How can this be? The answer is that the one-to-one correspondence that we have spoken of in the past applies strictly only to the relation between the kinetic energy T3 and the scattering angle in CMCS (and not with the scattering angle in LCS). So M3 and M4 both move in LCS with speed vo (V3 and V4 = 0).7) Since we have M3V3 = M4V4 from momentum conservation. At this condition the total kinetic energies of the reaction products is (T3 + T4 )thres = 1 (M 3 + M 4 )vo2 2 (21. which corresponds to the double-valued solution to the Q-equation. 21.8) With Q and T1 given.2. A special condition where a particle can be emitted at the same angle but with two different kinetic energies. It turns out that for T1 just above threshold of an endothermic reaction. Q + Ti = 0. 4 .At threshold. Fig. we can find V3 from (21. we can say in general 1 1 (M 3V3 ) Q + Ti = M 3V32 + 2 2 M4 2 (21. ' vb va ' Vb vb Vb v0 v0 θ Figure by MIT OCW.8) but not the direction of V3. 21. can arise. which can occur only in LCS.2 shows how this special situation. Fig. A situation which violates the one-to-one correspondence between scattering angle and outgoing energy. an interesting situation exists where at a certain scattering angle in LCS one can have two different kinetic energies in LCS.

The idea is that an incident particle reacts with the target nucleus in two ways.9) Since both Ti and Tf can be considered kinetic energies in CMCS. a 5 . The same argument applies to nuclear reactions.3 shows the energies involved in an Fig. endothermic reaction. Fig. 21. Tf denotes the kinetic energy of the reaction products in CMCS.3. depending on whether the product nucleus M4 is in the ground state or in an excited state (*). 21. Energy-level diagram for an endothermic reaction. which one can write as T f = Q + Ti = 1 1 M 3V32 + M 4V42 2 2 (21. In this case the reaction can end up in two different states. Compound Nucleus Reactions The concept of compound nucleus model for nuclear reactions is depicted in Fig. 21. one can say that the kinetic energies appearing in the energy-level diagram should be in CMCS.4.Energy-Level Diagrams for Nuclear Reactions We have seen in the previous chapter how the various energies involved in nuclear decay can be conveniently displayed in an energy-level diagram.

The interaction which takes place after the particle has penetrated into the target nucleus can be considered an absorption process. and collective excitations. This process is always present in that it is allowed under any circumstances. The former is what we have been studying as elastic scattering. 6 . properly speaking. the others can be direct interaction. The approximation of two processes being independent of each other is expressed by writing the interaction as a two-stage reaction.1 – 1 Mev. This is the basic assumption of the model because one can then treat the formation and decay as two separate processes. etc.4. we will leave it aside for a while in the following discussion. This is the part that we will now consider briefly. Physically this corresponds to a large reflection coefficient in the inside edge of the potential well. 21. and a reaction that takes place after the incident particle has entered into the nucleus. Once CN is formed it is assumed that it will decay in a manner that is independent of the mode in which it was formed (complete loss of memory). it is also known Fig. Compound nucleus model of nuclear reaction – formation of compound nucleus (CN) and its subsequent decay are assumed to be decoupled. In neutron reactions the formation of compound nucleus (CN) is quite likely at incident energies of ~ 0.scattering that takes place at the surface of the nucleus which is. not a reaction.). multiple collisions. as shape elastic or potential scattering. leading to the formation of a compound nucleus (this need not be the only process possible.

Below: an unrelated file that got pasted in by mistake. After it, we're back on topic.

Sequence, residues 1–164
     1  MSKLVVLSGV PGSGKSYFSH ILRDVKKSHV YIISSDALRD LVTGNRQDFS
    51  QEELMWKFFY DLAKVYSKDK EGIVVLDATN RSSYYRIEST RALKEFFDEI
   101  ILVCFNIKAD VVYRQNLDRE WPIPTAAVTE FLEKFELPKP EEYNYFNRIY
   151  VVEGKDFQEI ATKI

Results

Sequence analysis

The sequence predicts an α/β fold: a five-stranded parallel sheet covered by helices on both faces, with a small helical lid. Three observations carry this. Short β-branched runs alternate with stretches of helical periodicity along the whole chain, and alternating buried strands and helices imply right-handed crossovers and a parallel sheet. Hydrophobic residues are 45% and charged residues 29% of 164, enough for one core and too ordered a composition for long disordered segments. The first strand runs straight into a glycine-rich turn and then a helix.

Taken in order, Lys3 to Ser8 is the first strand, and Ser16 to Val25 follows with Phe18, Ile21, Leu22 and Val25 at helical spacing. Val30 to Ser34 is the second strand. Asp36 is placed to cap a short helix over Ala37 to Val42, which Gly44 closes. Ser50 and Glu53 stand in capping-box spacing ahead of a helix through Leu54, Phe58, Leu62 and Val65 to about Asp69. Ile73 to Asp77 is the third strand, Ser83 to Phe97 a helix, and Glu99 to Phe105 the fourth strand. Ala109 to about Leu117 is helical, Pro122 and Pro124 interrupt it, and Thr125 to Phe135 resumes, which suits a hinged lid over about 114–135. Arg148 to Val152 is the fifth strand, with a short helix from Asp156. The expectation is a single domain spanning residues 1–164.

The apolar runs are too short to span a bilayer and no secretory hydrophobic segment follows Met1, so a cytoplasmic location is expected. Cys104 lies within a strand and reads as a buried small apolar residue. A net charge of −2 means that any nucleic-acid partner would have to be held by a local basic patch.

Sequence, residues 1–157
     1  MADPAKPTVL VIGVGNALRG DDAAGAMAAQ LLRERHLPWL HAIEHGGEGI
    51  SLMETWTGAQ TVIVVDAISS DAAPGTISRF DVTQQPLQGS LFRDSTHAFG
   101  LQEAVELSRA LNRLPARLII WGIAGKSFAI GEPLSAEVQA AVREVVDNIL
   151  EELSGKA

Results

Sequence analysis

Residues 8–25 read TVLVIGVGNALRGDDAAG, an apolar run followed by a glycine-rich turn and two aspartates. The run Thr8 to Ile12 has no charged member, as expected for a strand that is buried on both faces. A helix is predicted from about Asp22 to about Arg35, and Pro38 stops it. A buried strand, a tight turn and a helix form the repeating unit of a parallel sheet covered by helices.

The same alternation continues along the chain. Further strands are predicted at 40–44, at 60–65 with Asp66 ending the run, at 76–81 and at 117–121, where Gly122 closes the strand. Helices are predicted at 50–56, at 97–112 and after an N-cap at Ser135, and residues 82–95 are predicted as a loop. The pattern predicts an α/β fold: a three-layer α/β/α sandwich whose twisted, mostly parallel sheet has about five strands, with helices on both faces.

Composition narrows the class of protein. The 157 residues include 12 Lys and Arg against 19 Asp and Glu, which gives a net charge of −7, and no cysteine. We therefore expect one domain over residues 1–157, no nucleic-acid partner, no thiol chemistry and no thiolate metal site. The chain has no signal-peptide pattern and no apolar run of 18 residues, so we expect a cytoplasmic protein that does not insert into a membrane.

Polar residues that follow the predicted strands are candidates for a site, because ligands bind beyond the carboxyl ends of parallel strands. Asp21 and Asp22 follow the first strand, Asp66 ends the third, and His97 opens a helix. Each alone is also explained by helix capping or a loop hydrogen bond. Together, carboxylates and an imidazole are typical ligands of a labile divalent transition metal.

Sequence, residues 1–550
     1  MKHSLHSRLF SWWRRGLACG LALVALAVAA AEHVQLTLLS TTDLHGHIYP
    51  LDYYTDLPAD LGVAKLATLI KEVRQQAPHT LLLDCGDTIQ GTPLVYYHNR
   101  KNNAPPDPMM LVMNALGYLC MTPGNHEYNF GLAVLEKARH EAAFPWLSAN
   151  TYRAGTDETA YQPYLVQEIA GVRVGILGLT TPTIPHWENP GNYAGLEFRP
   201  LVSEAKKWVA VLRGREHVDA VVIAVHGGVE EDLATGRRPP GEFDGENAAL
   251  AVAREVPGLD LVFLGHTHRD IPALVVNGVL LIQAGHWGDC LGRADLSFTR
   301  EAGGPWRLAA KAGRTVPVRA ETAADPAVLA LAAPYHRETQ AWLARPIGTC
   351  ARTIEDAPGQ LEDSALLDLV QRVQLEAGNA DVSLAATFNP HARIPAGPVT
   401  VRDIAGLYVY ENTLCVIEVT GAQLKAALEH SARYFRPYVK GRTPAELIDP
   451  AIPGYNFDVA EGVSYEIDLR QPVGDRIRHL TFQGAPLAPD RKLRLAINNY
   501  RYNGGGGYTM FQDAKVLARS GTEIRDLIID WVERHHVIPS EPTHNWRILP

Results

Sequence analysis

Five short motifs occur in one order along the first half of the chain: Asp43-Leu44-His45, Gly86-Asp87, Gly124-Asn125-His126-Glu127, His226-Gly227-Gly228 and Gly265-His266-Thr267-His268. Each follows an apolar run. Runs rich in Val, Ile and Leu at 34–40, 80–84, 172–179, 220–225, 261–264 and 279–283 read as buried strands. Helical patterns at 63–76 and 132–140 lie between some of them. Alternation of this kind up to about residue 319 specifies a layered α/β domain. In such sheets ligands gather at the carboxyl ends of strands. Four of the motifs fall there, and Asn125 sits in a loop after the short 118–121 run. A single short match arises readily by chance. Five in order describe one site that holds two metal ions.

If this nucleus should have an excited state (a virtual level) at E* which is close to E.10) where σ C (Ti ) is the cross section for the CN formation at kinetic energy Ti. the rest-mass energy of the nucleus (a+X).a + X → C* → b + Y the asterisk indicating that the CN is in an excited state. 21.5. Energy-level diagram for the reaction a + X → b + Y via CN formation and decay.b) = σ C (Ti )Pb (E) (21. It is implied that σ C and Pb are to be evaluated separately since the formation and decay processes are decoupled. Notice that E is the CN excitation and it is measured relative to Fig.5 for an endothermic reaction (Q < 0). and Pb(E) is the probability that the CN at energy level E will decay by emission of particle b. 21. then one can have a resonance condition. The first arrow denotes the formation stage and the second the decay stage. If the incoming particle a should have a kinetic energy such that the kinetic energy available for reaction has the value Ti*. For this reaction the cross section σ (a. which is the available kinetic energy for reaction as discussed above. then the CN excitation energy matches an excited level of the 7 . The energy-level diagram for this reaction is shown in Fig.b) may be written as σ (a.